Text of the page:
Organisers of the planned but troubled national exhibition, Expo.02 - headed by Radical Party president, Franz Steinegger (pictured) - believe they have now met the government's conditions to ensure the project gets the go-ahead.This content was published on January 21, 2000 - 20:55
Organisers of the planned but troubled national exhibition, Expo.02 - headed by Radical Party president, Franz Steinegger (pictured) - believe they have now met the government's conditions to ensure the project gets the go-ahead.
The board of Expo.02 gave details at a news conference in Berne of a new streamlined budget, saying it had met the government's conditions to raise a further SFr350 million in private sponsorship and had cut back spending on the project.
A provisional budget of SFr1.8 billion has been slimmed down to SFr1.4 billion, partly at the demand of the federal government. The additional SFr350 million pledged by private industry means only another SFr30 million has to be found to meet government conditions for further financing.
The Expo management is still seeking a government deficit guarantee of up to SFr320 million but is pressing the government to give the final go-ahead for the project next month. This would allow construction to start in November and end just in time for the opening in May 2002.
Expo.02 will contain at least 40 exhibitions or pavilions - a cutback of some 20, said the artistic director, Martin Heller. Among the budget cuts are a Sushi bar and a floating theatre. But there are still hopes that additional sponsorship may permit more than the 40 planned exhibits.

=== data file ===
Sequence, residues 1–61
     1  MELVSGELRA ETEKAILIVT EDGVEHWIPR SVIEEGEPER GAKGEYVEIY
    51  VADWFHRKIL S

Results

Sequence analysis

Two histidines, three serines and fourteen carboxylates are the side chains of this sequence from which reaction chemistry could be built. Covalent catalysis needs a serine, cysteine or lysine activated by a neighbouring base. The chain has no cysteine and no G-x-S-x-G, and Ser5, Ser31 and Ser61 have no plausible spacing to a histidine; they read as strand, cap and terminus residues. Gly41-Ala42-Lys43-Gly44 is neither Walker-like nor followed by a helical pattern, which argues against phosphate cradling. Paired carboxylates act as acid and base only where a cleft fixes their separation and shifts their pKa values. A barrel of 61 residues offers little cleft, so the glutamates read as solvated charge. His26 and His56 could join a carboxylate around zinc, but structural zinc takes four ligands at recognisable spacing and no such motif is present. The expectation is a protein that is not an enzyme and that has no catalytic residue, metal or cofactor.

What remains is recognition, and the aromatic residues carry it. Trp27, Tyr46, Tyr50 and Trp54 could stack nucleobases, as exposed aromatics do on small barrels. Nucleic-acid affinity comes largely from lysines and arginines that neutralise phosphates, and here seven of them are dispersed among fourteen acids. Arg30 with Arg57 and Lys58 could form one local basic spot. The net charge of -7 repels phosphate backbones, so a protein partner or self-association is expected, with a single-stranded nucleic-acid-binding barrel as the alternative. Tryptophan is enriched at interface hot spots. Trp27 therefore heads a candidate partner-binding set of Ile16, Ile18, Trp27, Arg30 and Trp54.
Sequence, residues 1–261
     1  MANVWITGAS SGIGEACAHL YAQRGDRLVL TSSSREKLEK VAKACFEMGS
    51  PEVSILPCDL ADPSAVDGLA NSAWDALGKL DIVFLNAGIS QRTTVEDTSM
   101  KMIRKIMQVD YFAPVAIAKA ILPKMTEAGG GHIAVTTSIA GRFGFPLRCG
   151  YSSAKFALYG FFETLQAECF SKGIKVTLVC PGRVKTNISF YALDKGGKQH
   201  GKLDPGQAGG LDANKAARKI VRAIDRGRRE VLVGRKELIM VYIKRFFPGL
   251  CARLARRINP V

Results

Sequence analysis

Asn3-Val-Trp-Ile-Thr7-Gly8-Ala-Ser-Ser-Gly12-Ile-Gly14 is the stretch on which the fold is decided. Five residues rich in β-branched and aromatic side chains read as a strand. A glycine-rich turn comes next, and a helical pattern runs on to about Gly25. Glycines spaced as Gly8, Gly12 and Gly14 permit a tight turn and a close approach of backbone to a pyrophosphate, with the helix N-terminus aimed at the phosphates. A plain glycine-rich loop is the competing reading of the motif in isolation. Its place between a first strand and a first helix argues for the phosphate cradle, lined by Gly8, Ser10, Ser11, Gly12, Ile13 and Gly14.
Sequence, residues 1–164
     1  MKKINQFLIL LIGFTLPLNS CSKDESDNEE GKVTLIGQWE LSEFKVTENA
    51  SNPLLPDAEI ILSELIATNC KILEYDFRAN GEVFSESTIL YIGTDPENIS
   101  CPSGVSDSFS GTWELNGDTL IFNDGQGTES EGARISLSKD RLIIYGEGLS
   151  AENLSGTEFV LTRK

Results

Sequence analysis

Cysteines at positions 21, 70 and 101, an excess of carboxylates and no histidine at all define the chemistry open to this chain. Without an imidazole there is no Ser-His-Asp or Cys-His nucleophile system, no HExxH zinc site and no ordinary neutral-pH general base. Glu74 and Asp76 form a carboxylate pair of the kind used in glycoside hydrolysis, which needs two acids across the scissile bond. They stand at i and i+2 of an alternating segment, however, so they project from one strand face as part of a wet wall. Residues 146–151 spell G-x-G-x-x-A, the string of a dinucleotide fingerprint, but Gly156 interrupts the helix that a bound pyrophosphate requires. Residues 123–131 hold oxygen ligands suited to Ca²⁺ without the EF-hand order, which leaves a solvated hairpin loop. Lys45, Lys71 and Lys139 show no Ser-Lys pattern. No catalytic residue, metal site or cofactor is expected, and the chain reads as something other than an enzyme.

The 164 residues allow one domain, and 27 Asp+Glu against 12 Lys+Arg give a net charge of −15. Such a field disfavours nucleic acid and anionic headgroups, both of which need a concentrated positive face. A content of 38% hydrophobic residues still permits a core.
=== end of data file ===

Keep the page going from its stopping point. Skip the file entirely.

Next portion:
Nelly Wenger, the technical director of the Expo says: "This cost-cutting operation has been very interesting because braking a locomotive or a boat heading for a fixed object, and throwing the helm around 180 degrees is a very delicate operation."
Organisers hope to attract 11 million visitors from in and outside Switzerland to the five-month exhibition. Its duration has been curtailed by three weeks.
Expo will show diverse aspects of Swiss political, commercial and artistic life, with the displays built on and around the three north-western lakes of Neuchatel, Biel and Murten.
Switzerland holds a national exhibition every 20 or 30 years. They are nearly always preceded by long drawn-out regional and local squabbles. This was the case in the Expo held in 1964 in Lausanne.
But Expo.02 has probably beaten all records in terms of resignations, dismissals and reshuffles of leading personalities. Originally planned as Expo.01, it was put off for a year, and further government funds were made conditional on a sweeping cost-cutting exercise, accompanied by a comprehensive quest for new sponsors.
By Peter Haller
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